In June 2004, Google announced that it had taken a stake in Baidu. com, its leading Chinese counterpart. as a prelude to cooperation between the two competitor& The size of the minority holding and investment cost were undisclosed, Google is one of right companies that have, invested in the meet recent round of Baidu fund-raising, all interested in the fast- growing Chinese market sod in working with local partners. Baidu was established less than five veers ago and earned some 80 percent of its revenues in 2003 from selling search-specific links, with the balance from advertising and corporate services.
Already one of the strongest players in the market, Baida claims over 48 percent of searches by around 100 million Chinese internet users. Google is reckoned to be in second place with a share of slightly less than 30 percent (Reuvid and Li, 2005 p. 567). Chess Systems Inc helped China build in filtering system that controls access by Chinese people to the Net. Google, Yahoo, Microsoft, and other U. S. companies help China restrict access to the Internet. Chinese sites of Yahoo and WSN comply with local law and omit news stories that offend the government.
Microsoft said it censored terms like ‘freedom’ and “democracy” on its Chinese portal. Microsoft also shut down a Chinese journalist’s blog on its MSN Spaces site that criticized the Chinese government. Yahoo is believed to have provided information to the Chinese government that helped identify at least one person who was then jailed for his writing. Yahoo, describing the consequences as ‘serious and distressing,” said it was requited to comply with Chinese law, and the company had not been told the reason for the government request for the information.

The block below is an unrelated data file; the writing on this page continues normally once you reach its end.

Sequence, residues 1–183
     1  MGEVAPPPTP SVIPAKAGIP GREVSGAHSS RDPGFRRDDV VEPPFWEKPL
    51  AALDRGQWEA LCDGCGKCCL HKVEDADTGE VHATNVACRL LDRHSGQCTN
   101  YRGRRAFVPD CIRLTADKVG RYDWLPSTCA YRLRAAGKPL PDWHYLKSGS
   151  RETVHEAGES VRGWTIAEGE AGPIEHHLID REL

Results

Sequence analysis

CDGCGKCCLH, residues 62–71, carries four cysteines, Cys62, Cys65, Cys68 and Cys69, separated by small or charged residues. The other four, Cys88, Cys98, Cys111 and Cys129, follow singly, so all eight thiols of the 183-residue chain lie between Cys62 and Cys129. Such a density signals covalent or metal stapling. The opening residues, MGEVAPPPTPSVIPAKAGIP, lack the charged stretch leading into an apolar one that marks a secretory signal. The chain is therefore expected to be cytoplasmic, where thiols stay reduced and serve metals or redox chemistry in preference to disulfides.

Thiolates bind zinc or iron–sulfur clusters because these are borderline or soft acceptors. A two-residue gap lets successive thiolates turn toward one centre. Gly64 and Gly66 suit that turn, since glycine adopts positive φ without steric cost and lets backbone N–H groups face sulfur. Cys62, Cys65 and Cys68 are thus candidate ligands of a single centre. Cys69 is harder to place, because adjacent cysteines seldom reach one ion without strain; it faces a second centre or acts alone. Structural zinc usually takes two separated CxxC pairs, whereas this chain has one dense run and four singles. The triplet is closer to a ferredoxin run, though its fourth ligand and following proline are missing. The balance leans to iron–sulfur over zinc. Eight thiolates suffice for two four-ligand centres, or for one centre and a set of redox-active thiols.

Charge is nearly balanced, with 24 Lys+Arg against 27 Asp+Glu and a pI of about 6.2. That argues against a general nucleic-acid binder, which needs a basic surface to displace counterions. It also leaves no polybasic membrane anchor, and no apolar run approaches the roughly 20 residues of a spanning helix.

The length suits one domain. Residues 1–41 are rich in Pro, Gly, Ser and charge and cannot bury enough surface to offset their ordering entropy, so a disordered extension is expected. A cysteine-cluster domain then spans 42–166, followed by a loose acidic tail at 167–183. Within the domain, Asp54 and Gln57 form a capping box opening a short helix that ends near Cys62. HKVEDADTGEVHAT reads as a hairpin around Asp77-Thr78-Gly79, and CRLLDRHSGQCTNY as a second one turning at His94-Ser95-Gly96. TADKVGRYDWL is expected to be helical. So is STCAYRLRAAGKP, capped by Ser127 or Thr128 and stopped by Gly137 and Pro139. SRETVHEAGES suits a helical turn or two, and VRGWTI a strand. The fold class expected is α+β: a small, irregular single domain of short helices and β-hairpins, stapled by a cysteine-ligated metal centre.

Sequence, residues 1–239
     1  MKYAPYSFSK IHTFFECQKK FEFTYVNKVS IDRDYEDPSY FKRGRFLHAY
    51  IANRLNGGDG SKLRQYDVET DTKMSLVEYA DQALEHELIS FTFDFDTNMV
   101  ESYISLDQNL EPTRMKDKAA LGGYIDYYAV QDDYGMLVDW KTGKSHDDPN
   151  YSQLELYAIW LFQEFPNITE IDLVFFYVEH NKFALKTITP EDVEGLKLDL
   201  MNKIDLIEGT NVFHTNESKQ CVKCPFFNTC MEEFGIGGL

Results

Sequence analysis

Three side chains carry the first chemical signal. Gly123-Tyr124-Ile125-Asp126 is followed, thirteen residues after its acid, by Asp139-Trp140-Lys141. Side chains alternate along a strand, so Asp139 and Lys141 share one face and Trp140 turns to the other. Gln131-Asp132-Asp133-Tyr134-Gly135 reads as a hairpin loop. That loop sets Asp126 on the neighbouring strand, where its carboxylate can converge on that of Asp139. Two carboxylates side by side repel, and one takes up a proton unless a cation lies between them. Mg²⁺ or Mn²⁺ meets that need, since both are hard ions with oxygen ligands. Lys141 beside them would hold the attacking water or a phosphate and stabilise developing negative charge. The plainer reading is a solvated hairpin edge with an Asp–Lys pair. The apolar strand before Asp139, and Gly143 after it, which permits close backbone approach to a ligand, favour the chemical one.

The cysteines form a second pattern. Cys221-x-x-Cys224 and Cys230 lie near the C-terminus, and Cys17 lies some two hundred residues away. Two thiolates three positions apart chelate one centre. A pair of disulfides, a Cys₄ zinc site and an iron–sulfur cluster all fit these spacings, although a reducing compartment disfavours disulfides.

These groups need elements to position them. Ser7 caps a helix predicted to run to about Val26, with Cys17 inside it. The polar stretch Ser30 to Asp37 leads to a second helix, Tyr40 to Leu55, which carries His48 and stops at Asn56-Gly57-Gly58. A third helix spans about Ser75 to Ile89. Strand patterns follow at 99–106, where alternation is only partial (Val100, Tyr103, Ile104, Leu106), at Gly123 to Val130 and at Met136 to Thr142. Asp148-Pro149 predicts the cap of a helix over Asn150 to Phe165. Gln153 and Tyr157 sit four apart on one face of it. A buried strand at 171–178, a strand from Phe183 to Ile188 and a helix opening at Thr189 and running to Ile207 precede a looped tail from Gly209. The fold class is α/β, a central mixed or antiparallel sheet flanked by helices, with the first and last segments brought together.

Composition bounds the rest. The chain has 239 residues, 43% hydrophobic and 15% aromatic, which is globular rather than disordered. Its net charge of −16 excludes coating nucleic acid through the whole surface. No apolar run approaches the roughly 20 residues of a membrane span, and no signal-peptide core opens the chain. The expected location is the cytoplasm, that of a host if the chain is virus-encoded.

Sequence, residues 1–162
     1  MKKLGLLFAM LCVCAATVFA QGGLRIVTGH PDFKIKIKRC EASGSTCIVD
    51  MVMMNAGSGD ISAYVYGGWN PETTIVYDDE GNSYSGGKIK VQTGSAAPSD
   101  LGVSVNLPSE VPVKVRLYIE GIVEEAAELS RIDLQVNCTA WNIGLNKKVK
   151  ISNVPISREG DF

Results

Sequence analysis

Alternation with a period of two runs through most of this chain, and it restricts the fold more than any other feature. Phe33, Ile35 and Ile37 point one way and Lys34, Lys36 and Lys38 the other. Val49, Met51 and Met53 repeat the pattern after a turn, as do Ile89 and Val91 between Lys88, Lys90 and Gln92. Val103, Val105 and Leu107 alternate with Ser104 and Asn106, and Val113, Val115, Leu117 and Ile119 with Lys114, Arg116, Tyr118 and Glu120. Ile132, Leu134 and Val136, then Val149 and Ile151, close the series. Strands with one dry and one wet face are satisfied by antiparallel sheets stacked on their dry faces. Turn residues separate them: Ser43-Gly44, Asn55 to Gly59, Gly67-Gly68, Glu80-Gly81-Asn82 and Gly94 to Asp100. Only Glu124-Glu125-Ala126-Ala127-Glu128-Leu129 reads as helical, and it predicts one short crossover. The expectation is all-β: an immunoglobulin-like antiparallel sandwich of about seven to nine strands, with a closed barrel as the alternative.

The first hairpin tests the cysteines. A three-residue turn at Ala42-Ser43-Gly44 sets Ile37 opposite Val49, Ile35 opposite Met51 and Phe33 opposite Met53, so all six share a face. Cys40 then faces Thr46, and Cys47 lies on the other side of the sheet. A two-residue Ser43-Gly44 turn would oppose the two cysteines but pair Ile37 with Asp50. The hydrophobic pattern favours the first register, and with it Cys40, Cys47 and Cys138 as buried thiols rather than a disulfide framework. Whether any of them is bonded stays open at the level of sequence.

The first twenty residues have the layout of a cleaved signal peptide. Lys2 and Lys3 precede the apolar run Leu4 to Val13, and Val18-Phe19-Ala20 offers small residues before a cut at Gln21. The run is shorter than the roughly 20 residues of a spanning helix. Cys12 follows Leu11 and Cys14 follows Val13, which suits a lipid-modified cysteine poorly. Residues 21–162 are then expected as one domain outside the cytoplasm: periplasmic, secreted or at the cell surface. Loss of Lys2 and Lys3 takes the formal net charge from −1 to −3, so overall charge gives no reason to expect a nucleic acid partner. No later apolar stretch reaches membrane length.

Google held out longer, refusing to censor its wards engine, although it had taken some steps toward restricting access to information in China. Google did filter material on the Chinese version of Google News, and it had become part owner of a Chinese search engine company that complies with the government’s censorship requirements. In 2006, Google disappointed many free-speech and human rights advocates by announcing that it was introducing a Chinese version in China, Google’s, that would comply with Chinese law.
Its search results will not show sites with banned content. Google said it would include notes to users indicating that some results are not shown. Since China censors messages about censorship in China, it was not clear how well this would work (Bease, 2007 p. 174). We consider some issues these activities and incidents raise. If companies do business within another country, they must follow the laws of that country. A government might need to identify a person whom it suspects of stalking, fraud, posting child pornography, or other crimes.